Yet according to the report, it wasn’t as if a better system with more humane options was sitting right there on the shelf, ready to go. As Boshier conceded, New Zealand was trying to do something we’d never done before while under immense pressure, and on a huge scale. Oddly, the major problem for Boshier seemed to be that MBIE hadn’t done enough work to provide suggestions for what a better system might look like, and how it might operate! Supposedly, this was a failure in blue skies thinking as much as any operational lapse. Here’s Boshier:
“I acknowledge that another type of system, which provided for consideration of individual circumstances would have been more complex, time-consuming and costly to implement than the virtual lobby…. But I do not consider these challenges provided sufficient rationale for MBIE not to advise and recommend to decision-makers options for such a system – the impact on people was too severe.
So it would seem that MBIE failed on the whiteboard as much as anywhere else. (Didn’t MBIE realise that when you’re brainstorming how to manage the borders against the unprecedented threat posed by a deadly virus, that no idea is a bad idea?) If one can believe the Chief Ombudsman, an imaginary case-by-case approach might conceivably have led to more reasonable decision-making on some occasions.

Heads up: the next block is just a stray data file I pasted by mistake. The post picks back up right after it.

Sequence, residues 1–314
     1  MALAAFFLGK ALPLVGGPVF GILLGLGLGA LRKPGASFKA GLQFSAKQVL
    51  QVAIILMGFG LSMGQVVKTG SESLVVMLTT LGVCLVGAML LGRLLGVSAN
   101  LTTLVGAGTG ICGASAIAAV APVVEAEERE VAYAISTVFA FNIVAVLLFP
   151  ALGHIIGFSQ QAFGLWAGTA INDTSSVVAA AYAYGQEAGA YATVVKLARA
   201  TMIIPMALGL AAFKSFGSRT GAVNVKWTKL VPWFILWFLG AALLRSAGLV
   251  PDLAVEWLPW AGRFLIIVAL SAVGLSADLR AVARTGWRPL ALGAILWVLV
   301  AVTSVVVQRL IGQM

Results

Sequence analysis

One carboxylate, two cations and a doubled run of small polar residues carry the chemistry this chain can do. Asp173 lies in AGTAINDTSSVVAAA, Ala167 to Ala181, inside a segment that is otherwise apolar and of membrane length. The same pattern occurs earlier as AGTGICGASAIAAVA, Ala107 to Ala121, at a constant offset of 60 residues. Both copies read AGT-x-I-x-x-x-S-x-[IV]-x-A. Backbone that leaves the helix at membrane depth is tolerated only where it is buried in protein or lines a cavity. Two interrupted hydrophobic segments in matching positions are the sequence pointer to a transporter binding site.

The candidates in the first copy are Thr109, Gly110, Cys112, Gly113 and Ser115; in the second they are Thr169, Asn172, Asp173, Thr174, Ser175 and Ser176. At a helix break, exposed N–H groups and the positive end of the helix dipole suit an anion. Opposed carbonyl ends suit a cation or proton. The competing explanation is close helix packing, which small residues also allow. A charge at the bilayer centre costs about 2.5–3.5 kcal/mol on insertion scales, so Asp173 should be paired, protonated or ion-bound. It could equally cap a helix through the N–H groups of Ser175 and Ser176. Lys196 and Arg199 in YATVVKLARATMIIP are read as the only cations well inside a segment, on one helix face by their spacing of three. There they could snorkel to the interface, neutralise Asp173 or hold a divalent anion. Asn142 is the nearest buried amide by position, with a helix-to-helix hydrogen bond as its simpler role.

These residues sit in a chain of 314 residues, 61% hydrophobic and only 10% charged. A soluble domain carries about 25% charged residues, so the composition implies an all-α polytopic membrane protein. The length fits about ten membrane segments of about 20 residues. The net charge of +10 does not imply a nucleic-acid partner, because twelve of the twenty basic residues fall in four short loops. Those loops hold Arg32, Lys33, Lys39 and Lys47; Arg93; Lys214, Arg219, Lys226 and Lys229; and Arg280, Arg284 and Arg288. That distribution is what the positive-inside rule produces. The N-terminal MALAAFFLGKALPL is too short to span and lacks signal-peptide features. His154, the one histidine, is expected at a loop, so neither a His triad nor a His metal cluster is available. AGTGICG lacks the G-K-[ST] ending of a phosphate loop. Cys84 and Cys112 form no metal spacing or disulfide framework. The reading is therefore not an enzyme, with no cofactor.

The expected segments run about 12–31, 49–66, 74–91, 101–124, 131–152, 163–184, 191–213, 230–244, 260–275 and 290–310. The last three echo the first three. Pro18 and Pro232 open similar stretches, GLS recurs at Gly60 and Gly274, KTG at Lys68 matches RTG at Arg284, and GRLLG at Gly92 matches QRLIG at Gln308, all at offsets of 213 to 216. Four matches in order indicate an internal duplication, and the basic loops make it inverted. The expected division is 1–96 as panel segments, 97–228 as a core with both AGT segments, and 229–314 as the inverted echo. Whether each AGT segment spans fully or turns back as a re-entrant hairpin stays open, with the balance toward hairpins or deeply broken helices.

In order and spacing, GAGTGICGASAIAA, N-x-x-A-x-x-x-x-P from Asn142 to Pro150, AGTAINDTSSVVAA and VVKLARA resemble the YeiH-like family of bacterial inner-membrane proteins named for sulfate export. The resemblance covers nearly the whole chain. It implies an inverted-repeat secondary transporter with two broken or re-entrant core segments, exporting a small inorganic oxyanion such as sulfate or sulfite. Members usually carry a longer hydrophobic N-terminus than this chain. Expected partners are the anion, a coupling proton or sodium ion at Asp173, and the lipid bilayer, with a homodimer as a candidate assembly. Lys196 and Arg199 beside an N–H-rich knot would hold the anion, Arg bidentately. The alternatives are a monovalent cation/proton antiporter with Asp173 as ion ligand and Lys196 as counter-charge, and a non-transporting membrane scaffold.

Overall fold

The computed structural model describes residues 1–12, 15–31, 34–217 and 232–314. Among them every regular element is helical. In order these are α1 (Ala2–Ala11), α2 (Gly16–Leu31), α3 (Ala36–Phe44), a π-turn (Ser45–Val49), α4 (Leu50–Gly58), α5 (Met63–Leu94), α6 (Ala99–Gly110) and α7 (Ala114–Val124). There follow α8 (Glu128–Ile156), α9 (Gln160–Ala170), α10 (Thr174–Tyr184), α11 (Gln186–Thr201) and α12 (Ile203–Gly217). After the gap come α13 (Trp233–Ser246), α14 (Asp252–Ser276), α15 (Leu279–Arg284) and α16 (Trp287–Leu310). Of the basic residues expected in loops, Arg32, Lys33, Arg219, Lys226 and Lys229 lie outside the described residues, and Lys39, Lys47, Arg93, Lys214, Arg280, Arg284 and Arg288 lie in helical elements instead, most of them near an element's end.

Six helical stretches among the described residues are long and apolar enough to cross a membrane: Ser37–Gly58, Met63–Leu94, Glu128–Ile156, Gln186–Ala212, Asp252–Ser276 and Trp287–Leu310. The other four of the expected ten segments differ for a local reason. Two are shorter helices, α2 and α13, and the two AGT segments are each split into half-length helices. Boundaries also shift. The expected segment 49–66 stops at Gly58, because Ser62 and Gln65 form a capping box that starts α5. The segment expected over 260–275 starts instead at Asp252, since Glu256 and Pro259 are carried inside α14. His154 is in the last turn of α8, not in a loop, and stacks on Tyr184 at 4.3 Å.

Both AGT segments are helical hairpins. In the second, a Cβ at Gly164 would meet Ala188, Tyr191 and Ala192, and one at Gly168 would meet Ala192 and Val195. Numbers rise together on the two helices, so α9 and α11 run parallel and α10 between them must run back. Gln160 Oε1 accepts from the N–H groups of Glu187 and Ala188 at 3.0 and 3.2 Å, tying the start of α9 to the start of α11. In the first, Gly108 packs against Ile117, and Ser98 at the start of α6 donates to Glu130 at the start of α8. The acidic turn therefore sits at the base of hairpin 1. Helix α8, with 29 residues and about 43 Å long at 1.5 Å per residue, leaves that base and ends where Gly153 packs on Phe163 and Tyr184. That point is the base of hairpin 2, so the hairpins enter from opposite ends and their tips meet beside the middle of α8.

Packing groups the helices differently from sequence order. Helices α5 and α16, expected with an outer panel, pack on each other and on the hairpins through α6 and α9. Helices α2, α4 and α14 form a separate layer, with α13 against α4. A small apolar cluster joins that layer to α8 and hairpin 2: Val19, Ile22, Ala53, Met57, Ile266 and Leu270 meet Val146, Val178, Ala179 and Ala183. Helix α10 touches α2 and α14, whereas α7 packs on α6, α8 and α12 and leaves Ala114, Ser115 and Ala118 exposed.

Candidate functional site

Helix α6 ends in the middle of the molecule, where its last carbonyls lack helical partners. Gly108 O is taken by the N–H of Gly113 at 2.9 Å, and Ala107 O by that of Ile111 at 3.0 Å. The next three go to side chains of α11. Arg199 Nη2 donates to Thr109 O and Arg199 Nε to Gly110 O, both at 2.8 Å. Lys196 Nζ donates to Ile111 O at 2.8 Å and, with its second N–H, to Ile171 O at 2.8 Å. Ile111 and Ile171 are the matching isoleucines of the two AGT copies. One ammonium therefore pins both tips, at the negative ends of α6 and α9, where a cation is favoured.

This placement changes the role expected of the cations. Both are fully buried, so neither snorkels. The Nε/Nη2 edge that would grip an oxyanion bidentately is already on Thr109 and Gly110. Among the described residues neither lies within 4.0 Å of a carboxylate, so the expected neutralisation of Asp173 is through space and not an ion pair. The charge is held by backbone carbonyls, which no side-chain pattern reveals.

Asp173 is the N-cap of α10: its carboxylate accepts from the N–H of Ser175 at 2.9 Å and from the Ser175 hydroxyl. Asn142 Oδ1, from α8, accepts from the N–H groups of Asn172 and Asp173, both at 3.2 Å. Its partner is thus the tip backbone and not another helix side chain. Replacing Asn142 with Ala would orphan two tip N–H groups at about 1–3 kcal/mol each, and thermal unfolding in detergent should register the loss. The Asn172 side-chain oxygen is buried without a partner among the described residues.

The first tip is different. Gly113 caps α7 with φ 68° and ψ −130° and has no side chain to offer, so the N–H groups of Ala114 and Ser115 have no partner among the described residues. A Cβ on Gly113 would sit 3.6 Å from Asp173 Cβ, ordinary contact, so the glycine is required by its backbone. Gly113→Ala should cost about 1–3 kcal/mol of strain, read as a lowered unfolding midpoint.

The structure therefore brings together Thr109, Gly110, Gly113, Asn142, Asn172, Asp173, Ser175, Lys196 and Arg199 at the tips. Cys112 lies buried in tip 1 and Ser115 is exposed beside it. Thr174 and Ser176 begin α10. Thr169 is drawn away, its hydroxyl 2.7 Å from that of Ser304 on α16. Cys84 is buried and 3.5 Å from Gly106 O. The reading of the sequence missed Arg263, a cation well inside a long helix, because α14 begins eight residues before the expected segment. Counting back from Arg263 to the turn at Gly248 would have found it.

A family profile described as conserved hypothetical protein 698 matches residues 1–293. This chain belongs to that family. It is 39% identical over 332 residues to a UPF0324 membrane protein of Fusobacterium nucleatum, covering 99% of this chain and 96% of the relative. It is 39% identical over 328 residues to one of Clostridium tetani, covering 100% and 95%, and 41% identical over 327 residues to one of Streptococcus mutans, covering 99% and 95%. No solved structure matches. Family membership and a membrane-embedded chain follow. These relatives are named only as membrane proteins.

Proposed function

Few would disagree. No doubt, given unlimited resources, fewer life-and-death pressures and fewer concerns about making precedent-setting decisions that might endanger the wider community… Well, I’m sure a way might have been found to make things go a lot better on the day.
No doubt useful lessons need to be learned! Maybe we can all learn from the Covid experience how to achieve neater and nicer outcomes next time a deadly virus hoves into view. Hopefully, we can do so without letting our compassionate motives lead us into making humane exceptions that then jeopardise the safety of the entire community. Yet to use the Ombudsman’s report to paint the MIQ system as a “failure” – as some people have done – looks like a grotesque attempt to rewrite history.
Footnote: Routinely, pandemics play havoc with individual liberties. That tends to come with the territory. That’s because the rights and needs and desires of the individual always have to be weighed against the potential risk that runaway infections could pose to the greater good, especially in the period before significant levels of vaccine protection have been put in place.